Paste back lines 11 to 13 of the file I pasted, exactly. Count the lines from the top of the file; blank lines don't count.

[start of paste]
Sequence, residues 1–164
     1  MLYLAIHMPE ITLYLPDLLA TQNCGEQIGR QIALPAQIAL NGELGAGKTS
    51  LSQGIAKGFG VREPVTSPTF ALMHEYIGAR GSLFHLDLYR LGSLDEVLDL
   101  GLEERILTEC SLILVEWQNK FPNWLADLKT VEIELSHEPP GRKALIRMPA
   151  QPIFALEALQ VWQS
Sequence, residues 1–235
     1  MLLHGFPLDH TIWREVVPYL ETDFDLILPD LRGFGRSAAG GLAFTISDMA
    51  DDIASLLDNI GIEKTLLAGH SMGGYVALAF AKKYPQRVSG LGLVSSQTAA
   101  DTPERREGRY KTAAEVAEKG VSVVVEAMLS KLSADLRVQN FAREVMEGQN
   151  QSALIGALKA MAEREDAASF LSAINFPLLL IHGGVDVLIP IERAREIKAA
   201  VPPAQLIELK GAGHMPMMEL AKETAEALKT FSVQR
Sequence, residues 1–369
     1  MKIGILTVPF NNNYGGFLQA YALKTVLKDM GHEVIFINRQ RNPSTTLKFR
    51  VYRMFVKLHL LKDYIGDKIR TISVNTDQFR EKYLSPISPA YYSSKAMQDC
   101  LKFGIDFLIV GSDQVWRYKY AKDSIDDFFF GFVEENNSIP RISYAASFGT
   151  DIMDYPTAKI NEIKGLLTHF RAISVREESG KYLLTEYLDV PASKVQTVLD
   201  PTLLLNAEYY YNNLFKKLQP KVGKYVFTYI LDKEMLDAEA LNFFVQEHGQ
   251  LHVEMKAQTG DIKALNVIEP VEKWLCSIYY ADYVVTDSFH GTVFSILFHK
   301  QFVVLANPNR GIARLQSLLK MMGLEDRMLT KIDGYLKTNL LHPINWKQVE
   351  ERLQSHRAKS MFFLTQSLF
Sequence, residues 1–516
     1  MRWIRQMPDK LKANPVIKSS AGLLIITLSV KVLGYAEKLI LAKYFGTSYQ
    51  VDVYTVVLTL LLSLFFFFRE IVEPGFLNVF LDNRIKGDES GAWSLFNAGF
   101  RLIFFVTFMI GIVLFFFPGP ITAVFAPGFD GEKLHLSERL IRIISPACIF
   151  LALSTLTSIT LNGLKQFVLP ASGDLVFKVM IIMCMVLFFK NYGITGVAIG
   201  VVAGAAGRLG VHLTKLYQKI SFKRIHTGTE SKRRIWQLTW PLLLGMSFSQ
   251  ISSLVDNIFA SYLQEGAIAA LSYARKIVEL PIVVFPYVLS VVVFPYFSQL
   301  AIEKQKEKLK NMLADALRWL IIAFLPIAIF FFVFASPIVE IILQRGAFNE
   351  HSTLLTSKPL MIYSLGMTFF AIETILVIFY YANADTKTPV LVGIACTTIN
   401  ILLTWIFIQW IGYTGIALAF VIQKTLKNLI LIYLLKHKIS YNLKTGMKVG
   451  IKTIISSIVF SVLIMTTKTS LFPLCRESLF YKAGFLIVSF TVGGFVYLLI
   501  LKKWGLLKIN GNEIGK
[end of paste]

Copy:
   201  VPPAQLIELK GAGHMPMMEL AKETAEALKT FSVQR
Sequence, residues 1–369
     1  MKIGILTVPF NNNYGGFLQA YALKTVLKDM GHEVIFINRQ RNPSTTLKFR